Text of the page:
5 Reasons Why Purchase Orders are Critical to Your Bottom Line

Tips + Trends

You’ve probably heard about them. Maybe you attended one of CoConstruct’s conferences and heard Spencer Padgett wax lyrical about their many benefits. But when you really think about it, you probably wonder -- what even are purchase orders and why should you consider using them.

What is a purchase order?

A purchase order is an agreement between your business and a particular trade partner regarding certain scope and price under specified terms and conditions. Many residential construction builders use these documents to commit trade partners to certain negotiated work and/or materials.

While the document itself is straightforward and most likely represents many elements of a Subcontractor Agreement, purchase orders offer a deeper layer of importance to your business and bottom line.

1. Balance Cash Flow

One of the main focuses in residential construction, the one that most likely keeps you up at night, revolves around cash flow -- that delicate balance between income and expenses. How do you make sure you invoice the client just in time to handle the incoming bills and project expenses? Purchase orders displayed on the project budget paint this picture for you.  



Knowing how much you’re committed to pay any vendor or trade partner, alongside understanding the project timeline, highlights when you might expect a bill. Anticipating incoming bills helps plan the cadence of invoices to your clients. Knowing when money could be going out determines when money should come in -- MEANING you stay in the green!  

Once you learn the cadence, standardize this flow on any similarly sized Fixed Price projects. Turn your bottom line around!

2. Eliminate Surprises On Incoming Bills

How many times have you opened a bill from a trade partner and been shocked by the price tag? While there’s no way to anticipate everything (surprises do happen -- but more on that later), wouldn’t it be nice to have some idea of what a trade partner might charge you? Use the back and forth negotiation around price and scope, and turn that into a commitment from your trade. Request a signature or some form of acceptance to guarantee you both at least start on the same page (see more on this in Reason #4).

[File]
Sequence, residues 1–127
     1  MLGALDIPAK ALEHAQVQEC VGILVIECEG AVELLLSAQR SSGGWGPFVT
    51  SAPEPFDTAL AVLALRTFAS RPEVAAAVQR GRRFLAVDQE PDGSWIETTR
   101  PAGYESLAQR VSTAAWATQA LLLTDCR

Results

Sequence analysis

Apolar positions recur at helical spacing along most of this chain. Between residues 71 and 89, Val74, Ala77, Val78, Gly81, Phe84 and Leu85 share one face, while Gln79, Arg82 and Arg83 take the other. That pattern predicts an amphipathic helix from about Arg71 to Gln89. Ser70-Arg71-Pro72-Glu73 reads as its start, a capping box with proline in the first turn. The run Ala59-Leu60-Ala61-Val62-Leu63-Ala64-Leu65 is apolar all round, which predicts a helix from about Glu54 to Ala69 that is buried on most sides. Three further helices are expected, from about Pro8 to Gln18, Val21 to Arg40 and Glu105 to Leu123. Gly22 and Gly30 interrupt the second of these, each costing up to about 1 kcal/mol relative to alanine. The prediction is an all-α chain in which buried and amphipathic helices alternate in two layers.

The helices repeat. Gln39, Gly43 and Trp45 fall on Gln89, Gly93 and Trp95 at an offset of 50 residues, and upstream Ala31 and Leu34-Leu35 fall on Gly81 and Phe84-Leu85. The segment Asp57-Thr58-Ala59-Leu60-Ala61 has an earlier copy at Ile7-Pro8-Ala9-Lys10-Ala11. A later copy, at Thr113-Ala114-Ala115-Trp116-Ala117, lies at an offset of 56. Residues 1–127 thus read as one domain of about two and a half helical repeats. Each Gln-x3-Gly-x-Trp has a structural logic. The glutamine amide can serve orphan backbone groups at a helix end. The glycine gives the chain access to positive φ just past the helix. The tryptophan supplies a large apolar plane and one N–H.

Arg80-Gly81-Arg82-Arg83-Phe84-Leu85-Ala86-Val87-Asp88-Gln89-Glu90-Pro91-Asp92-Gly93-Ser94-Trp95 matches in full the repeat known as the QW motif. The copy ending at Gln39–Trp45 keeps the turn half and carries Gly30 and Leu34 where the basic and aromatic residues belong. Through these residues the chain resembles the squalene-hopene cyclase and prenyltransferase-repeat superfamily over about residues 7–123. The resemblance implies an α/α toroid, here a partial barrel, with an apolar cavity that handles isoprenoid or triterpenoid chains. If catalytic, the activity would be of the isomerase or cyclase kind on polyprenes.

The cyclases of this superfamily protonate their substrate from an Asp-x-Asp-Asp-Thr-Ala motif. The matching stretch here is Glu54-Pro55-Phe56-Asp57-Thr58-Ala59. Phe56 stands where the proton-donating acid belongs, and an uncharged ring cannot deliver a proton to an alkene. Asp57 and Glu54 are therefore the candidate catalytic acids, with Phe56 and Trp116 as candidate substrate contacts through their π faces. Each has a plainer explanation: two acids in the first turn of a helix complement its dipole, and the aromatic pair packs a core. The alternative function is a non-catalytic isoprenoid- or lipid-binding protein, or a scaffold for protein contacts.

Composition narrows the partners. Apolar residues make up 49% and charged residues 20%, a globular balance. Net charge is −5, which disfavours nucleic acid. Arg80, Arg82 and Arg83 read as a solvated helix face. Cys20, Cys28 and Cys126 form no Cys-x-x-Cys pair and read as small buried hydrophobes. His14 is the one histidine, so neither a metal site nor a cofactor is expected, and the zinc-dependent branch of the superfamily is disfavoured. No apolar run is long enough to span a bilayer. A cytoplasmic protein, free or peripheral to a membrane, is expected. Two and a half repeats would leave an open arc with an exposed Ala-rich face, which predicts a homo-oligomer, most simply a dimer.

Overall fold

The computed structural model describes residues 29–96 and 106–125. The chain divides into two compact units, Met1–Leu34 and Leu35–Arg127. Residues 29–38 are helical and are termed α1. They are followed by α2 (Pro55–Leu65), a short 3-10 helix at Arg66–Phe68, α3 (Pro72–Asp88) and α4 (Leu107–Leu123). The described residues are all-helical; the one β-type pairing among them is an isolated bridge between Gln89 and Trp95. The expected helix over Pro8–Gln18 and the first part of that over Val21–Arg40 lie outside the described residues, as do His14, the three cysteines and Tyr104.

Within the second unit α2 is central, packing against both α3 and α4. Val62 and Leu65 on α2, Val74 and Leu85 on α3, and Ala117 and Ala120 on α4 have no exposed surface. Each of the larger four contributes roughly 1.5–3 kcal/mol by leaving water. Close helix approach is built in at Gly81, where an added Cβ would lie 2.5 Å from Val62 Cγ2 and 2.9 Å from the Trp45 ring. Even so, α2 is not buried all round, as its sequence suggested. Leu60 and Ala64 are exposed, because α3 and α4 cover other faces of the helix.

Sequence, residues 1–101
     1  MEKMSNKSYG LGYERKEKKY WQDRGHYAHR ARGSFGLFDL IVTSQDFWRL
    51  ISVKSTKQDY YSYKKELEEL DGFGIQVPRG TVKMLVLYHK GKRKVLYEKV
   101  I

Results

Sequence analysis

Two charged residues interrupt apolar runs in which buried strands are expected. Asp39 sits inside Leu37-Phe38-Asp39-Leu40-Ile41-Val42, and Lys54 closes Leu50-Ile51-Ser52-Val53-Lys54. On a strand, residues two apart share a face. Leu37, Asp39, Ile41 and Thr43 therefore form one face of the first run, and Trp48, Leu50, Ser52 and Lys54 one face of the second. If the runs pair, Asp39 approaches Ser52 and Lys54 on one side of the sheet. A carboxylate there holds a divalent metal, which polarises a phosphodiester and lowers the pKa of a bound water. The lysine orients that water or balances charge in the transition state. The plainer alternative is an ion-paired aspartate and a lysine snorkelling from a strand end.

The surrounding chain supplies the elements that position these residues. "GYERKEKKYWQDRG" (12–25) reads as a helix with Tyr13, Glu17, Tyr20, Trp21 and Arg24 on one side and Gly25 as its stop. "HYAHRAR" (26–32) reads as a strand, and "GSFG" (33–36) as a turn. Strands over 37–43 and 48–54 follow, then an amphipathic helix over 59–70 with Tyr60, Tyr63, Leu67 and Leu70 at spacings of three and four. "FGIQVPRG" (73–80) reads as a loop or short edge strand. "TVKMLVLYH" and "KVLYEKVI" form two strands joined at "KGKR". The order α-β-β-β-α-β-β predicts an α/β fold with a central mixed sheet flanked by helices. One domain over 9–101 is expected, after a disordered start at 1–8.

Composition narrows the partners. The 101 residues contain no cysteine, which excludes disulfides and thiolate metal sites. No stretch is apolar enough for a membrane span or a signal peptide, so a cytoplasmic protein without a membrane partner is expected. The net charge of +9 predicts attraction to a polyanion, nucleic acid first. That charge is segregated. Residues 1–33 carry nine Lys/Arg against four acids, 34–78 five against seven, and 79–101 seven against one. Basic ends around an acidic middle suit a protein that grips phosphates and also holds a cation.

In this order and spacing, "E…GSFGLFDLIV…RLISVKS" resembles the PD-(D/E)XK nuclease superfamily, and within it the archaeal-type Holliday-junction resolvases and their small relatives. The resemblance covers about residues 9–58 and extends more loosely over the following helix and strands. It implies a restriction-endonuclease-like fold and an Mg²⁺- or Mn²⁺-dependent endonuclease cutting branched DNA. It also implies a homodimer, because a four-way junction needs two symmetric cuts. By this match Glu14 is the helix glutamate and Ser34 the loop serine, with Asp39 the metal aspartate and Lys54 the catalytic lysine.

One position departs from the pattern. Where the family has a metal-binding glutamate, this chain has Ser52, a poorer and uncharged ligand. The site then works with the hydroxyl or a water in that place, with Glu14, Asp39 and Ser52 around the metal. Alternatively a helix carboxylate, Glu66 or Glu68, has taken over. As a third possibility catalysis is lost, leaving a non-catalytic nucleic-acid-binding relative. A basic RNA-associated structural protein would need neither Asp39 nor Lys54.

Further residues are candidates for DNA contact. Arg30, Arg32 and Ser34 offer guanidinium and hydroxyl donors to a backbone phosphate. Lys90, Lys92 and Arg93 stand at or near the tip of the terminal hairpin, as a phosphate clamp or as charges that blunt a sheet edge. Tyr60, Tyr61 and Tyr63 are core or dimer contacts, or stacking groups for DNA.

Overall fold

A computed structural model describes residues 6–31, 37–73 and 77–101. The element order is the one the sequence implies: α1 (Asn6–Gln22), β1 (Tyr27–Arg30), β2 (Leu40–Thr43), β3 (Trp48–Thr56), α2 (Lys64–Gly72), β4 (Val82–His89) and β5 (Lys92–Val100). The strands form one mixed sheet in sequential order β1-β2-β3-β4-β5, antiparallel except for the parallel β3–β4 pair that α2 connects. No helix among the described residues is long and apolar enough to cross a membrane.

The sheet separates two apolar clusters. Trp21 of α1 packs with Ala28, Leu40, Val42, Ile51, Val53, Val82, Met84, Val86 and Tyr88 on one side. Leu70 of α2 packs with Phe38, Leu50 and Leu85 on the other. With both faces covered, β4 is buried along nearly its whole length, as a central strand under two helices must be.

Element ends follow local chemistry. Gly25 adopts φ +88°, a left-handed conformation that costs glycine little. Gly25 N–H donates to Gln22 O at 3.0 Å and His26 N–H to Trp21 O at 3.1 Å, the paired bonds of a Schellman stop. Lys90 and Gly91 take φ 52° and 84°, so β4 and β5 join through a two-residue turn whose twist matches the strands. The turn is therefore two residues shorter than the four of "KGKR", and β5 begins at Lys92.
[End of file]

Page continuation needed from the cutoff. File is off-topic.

When those bills come in, you now have something to compare it against. If something looks different, you are that much closer to identifying where prices went up or down.

And hopefully those moments of shock start to dissipate!

Now, back to those surprises. Anything from material theft to scope/estimate changes cause originally negotiated prices to fly out the window. Getting a hold of these surprises and incorporating them into your job costing may seem like a pipe dream. Introducing: the Variance Purchase Order. These types of purchase orders provide a great space to document these surprises plus recording WHY a surprise may have happened for reporting down the road.



Perhaps you should pay attention to future estimating or dig into the decisions project managers make to understand where surprises come from. Documenting these variations gives you more to work from moving forward.

If you track the originally agreed on trade partner costs against the actual costs of the project, any variations or differences will stand out clear as day. Not two months down the road when it comes time to pay the bill or at the end of the project when you’re trying to understand how things slid to the red, but rather, the minute the bill arrives! Adopt the process of recording bills on a budget against those original purchase orders WHEN THEY COME IN to take full advantage of this insight!

3. Illuminate Accurate Project Projections

Ever go through an entire project and not know what your bottom line might look like until the final invoice? Or are you looking for a more efficient way to understand your bottom line projections on a project? A budget that accurately reflects originally planned costs plus committed costs (i.e. your purchase orders with trade partners), plus some calculations for your profit, says a lot about where your project might end up when everything is said and done.